We continued to ask that question for the following ten years, more or less productively. We found and published best practices (e.g. interviewing customers, observing users). We adapted tools from other fields (e.g. UML from software engineering, business process modeling from industry). And we made some attempts, none fully realized, to introduce common business analysis idioms (e.g. requirement patterns, conceptually borrowed from software design patterns). By the early 2000s, we had a pretty good handle on what business analysis was and how to do it effectively.

Solidification

At the same time, however, we had an existential crisis. No one really knew what a Business Analyst was. There was little consistency across industries. Although we knew what we ourselves did, and we could get along well when happening across a BA in another industry or geography, we longed for a better definition. We wanted to be able to explain our careers to people in fifty words or less. We envied lawyers, doctors, accountants, and programmers for their ability to instantly kill a “What do you do for a living?” conversation with a simple job title response.

Accordingly, the International Institute of Business Analysis (IIBA) was founded in 2003, ostensibly to solidify business analysis as a profession. They quickly established chapters in the world’s major metropolitan areas and encouraged an exchange of ideas, best practices, and empathy. They introduced certifications for business analysis practitioners. But their biggest impact has been the development of the Guide to the Business Analysis Body of Knowledge (BABOK). BABOK served as a framework upon which we could organize the field. Lean on full-time staff, IIBA encouraged senior business analysis professionals to come together, propose best practices, conduct peer reviews, and publish. With the stroke of a pen, IIBA gave us a definition that would stick (with minor alterations) for years to come: “Business analysis is the set of tasks, knowledge, and techniques required to identify business needs and determine solutions to business problems” (BABOK, version 1.6). By 2005, we knew who we were, we knew what we did, and we were damn proud of it.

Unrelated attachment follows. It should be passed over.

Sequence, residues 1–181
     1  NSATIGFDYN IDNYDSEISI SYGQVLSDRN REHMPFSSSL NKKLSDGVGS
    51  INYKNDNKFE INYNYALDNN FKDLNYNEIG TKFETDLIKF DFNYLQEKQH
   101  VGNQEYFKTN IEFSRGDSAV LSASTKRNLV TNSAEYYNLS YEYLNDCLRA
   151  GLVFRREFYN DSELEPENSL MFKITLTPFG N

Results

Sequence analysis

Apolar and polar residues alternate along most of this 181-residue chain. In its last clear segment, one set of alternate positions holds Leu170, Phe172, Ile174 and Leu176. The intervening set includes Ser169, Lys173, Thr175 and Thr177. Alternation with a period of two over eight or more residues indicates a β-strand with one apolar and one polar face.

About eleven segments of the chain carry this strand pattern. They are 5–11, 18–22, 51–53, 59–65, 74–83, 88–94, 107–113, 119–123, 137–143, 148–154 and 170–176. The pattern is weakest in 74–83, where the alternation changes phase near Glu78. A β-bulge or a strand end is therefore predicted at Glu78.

Agile and Lean

And then Agile came along. Agile had of course been around for quite a while, the Agile Manifesto being signed in 2001. Agile itself was an outgrowth of Extreme Programming (XP), Adaptive Software Development, and other approaches developed in the 1990s. 

Agile called for people to be the driving force behind software development, not a plan, not a Statement of Work, not a specification. Agilists valued “individuals and interactions over processes and tools” and espoused other progressive organizational values that so many of us had felt for so long. It was a welcome respite from the heavy methodologies we were burdened by. 

But Agile also presented two major challenges to business analysis orthodoxy:

  1. It called for direct collaboration between the customer (typically represented by a “product owner”) and the development team. This was a problem for those of us who represented our-profession as serving as a “bridge” between business and IT stakeholders